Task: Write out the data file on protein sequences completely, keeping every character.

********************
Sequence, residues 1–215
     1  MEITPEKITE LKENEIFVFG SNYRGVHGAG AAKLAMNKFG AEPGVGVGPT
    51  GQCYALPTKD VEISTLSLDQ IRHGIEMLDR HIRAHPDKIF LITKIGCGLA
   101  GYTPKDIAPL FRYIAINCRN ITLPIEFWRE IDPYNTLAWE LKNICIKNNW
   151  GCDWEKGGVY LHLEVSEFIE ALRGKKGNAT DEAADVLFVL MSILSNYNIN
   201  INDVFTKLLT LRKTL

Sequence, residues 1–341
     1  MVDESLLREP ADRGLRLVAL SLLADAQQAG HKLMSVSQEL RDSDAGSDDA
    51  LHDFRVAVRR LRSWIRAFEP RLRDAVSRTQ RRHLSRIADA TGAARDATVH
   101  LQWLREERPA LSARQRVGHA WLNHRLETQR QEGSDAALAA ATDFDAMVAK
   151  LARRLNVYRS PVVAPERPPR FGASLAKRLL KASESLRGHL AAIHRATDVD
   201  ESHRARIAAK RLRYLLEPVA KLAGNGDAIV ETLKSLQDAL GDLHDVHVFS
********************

Sequence, residues 1–215
     1  MEITPEKITE LKENEIFVFG SNYRGVHGAG AAKLAMNKFG AEPGVGVGPT
    51  GQCYALPTKD VEISTLSLDQ IRHGIEMLDR HIRAHPDKIF LITKIGCGLA
   101  GYTPKDIAPL FRYIAINCRN ITLPIEFWRE IDPYNTLAWE LKNICIKNNW
   151  GCDWEKGGVY LHLEVSEFIE ALRGKKGNAT DEAADVLFVL MSILSNYNIN
   201  INDVFTKLLT LRKTL

Sequence, residues 1–341
     1  MVDESLLREP ADRGLRLVAL SLLADAQQAG HKLMSVSQEL RDSDAGSDDA
    51  LHDFRVAVRR LRSWIRAFEP RLRDAVSRTQ RRHLSRIADA TGAARDATVH
   101  LQWLREERPA LSARQRVGHA WLNHRLETQR QEGSDAALAA ATDFDAMVAK
   151  LARRLNVYRS PVVAPERPPR FGASLAKRLL KASESLRGHL AAIHRATDVD
   201  ESHRARIAAK RLRYLLEPVA KLAGNGDAIV ETLKSLQDAL GDLHDVHVFS